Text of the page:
Neanderthals have contributed approximately 1-4% of the genomes of non-African modern humans, although a modern human who lived about 40,000 years ago has been found to have between 6-9% Neanderthal DNA (Fu et al 2015). The evidence we have of Neanderthal-modern human interbreeding sheds light on the expansion of modern humans out of Africa. These new discoveries refute many previous hypotheses in which anatomically modern humans replaced archaic hominins, like Neanderthals, without any interbreeding. However, even with some interbreeding between modern humans and now-extinct hominins, most of our genome still derives from Africa. Neanderthals could not have contributed to modern African peoples’ genomes because Neanderthals evolved and lived exclusively in Eurasia and therefore could not have bred with the humans living in Africa at that time.
For many years, the only evidence of human-Neanderthal hybridization existed within modern human genes. However, in 2016 researchers published a new set of Neanderthal DNA sequences from Altai Cave in Siberia, as well as from Spain and Croatia, that show evidence of human-Neanderthal interbreeding as far back as 100,000 years ago -- farther back than many previous estimates of humans’ migration out of Africa (Kuhlwilm et al 2016). Their findings are the first to show human gene flow into the Neanderthal genome as opposed to Neanderthal DNA into the human genome. This data tells us that not only were human-Neanderthal interbreeding events more frequent than previously thought, but also that an early migration of humans did in fact leave Africa before the population that survived and gave rise to all contemporary non-African modern humans.
We previously mentioned the lack of genetic contributions by Neanderthals into the modern human mtDNA gene pool. As we have shown that Neanderthal-human interbreeding did occur, why wouldn’t we find their DNA in our mtDNA as well as our nuclear DNA? There are several potential explanations for this. It is possible that there were at one point modern humans who possessed the Neanderthal mtDNA, but that their lineages died out. It is also highly possible that Neanderthals did not contribute to the mtDNA genome by virtue of the nature of human-Neanderthal admixture. While we know that humans and Neanderthals bred, we have no way of knowing what the possible social or cultural contexts for such breeding would have been.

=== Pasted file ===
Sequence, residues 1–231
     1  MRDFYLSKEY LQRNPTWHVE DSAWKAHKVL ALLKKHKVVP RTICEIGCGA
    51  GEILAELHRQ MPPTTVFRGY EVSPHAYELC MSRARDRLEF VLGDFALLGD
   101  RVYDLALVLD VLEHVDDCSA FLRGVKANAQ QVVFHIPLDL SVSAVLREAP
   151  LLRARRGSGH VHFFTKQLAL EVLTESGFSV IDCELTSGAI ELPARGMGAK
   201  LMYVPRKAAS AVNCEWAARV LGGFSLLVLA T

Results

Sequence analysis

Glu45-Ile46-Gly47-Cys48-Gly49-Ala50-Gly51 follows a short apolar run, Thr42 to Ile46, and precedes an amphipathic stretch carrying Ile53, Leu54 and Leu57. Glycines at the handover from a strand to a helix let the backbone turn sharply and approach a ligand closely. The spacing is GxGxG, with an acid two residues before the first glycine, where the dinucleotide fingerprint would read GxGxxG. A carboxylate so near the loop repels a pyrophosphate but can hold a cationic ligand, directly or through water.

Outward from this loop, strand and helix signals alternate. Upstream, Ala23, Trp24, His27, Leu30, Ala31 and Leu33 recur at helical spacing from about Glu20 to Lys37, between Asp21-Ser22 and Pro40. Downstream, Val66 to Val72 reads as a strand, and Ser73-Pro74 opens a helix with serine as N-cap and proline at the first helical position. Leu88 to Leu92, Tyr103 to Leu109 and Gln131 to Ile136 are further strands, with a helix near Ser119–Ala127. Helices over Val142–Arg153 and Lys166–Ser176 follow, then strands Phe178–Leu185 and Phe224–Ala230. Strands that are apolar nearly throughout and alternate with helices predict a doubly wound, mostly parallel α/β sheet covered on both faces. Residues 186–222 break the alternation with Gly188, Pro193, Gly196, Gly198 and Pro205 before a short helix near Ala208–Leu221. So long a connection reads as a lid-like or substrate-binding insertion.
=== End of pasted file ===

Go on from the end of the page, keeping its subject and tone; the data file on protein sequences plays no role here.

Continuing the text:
Because mtDNA is passed down exclusively from mother to offspring, if Neanderthal males were the only ones contributing to the human genome, their contributions would not be present in the mtDNA line. It is also possible that while interbreeding between Neanderthal males and human females could have produced fertile offspring, interbreeding between Neanderthal females and modern human males might not have produced fertile offspring, which would mean that the Neanderthal mtDNA could not be passed down. Finally, it is possible that modern humans do carry at least one mtDNA lineage that Neanderthals contributed to our genome, but that we have not yet sequenced that lineage in either modern humans or in Neanderthals. Any of these explanations could underlie the lack of Neanderthal mtDNA in modern human populations.
Neanderthals have contributed between 1-4% of the DNA of humans of Eurasian descent
Neanderthals have not contributed to the genome of African modern human populations because they never lived there and could not have interbred with the ancestors of those populations
While we don’t have evidence of Neanderthal mtDNA in the modern human gene pool, there are several possible explanations for this